Dipartimento di Scienze Biochimiche
Università di Roma “La Sapienza” Piazzale A. Moro, 5
“Il Pescatore” is a small restaurant in Rome where I had dinner with Gregorio Weber in the mid sixties. He had visited Rome to discuss with Eraldo Antonini and Jeffreys Wyman the early stages of his ideas concerning multiple equilibria; at the end of the day, I brought him out for a “Rome-by-night” and dinner. During that pleasant interesting and relaxed evening, I felt how nice it would have been to work for a while with Gregorio. At the time I was already committed for a post-doc in Manfred Eigen’s Max Planck Institute in Goettingen; but a few years later (1968-69), I was able to organize (thanks to EMBO support) a 6 months visit to Urbana. At the time I was working in Rome on the reversible thermal unfolding of Aplysia myoglobin (a protein purified and characterized by Eraldo approximately 15 years before), which was endowed with the property of quick and reversible heat denaturation; part of this work, which was published only years later, involved the characterization of the apo-protein which is intrinsically more stable than the globin from horse or sperm whale.
A peculiarity of Aplysia myoglobin compared to the mammalian counterparts is that the two Trp are very distant in amino acid sequence. In sperm whale Mb the two Trp are both in the A-helix; on the other hand, in Aplysia one Trp is at the same topological position A12, but the other is in the H-helix, near the C-terminal; nevertheless the latter is topologically in the same corner of the globin, near the A-H helix contact, the area which was later shown to be part of the initial folding nucleus.
I was interested in studying the dynamic properties of the globin from Aplysia compared to sperm whale, and visited Gregorio’s Lab to carry out this small project given his worldwide reputation in protein fluorescence spectroscopy. My trip to Urbana involved landing in Chicago; however, I was not aware how to get to the final destination. When I asked information on flights to Urbana, a kind lady replied: “I am sorry but there are no flights to Urbana; you have to go by bus”. I was rather astonished since I knew that most places in the States are connected by air, but was unaware of the size of the town; thus I jumped on a bus, which took me down there in about ten hours. Only after arrival I realized that there were plenty of flights from Chicago to Champaign, and that Urbana-Champaign was effectively the same town, just divided by a road. When I told Gregorio, he laughed in his remarkable friendly style, which was so special.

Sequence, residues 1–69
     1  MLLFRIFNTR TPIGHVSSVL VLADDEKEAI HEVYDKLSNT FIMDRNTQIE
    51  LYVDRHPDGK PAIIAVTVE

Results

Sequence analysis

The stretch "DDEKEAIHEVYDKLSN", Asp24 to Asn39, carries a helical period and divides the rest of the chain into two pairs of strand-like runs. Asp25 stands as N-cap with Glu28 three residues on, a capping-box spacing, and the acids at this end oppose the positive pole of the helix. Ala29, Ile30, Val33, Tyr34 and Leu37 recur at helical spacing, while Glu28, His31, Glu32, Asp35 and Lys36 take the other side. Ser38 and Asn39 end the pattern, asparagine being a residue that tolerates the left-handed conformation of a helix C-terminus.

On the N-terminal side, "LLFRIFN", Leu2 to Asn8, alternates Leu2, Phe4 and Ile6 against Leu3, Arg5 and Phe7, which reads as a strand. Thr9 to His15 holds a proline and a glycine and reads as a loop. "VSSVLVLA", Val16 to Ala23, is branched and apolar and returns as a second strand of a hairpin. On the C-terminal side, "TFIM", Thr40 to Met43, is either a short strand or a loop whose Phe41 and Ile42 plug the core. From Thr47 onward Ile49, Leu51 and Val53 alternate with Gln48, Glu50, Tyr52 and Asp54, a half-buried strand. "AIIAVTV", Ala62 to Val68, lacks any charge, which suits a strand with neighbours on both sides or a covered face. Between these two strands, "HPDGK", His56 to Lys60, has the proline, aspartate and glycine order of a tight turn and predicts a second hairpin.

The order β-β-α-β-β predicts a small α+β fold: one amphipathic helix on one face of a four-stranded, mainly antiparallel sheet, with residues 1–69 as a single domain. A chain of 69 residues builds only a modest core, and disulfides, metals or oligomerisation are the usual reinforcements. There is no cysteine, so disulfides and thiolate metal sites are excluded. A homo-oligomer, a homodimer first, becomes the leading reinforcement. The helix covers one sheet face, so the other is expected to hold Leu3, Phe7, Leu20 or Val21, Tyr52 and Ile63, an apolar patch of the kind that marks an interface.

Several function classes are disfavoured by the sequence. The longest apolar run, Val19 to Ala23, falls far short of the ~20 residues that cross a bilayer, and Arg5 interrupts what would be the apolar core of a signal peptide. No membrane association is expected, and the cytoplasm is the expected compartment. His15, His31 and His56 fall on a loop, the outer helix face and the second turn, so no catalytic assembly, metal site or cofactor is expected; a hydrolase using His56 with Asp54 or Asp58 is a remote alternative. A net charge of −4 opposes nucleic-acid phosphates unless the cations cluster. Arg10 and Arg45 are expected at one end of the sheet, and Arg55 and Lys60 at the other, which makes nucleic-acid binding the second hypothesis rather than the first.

My work in Urbana was very pleasant and literally full-time. I was working with Sonia Anderson who took her PhD with Gregorio himself, and afterwords spent one year of post-doc in Rome, working with Eraldo. Sonia was a wonderful person, a very nice lady and an excellent scientist; working with her was a pleasure and a very effective way of learning everything about fluorescence spectroscopy, as well as collecting lots of data. In a very short time I was updated with the subtelties, from basic theories to the most sophisticated instruments. She was a very good teacher and friend, fully devoted to science (as far as I could tell); quickly I discovered that life in Urbana was … quiet. I recall that period with a sense of nostalgia and feel that those months were the nearest I ever experienced to life in a Monastery: ora et labora.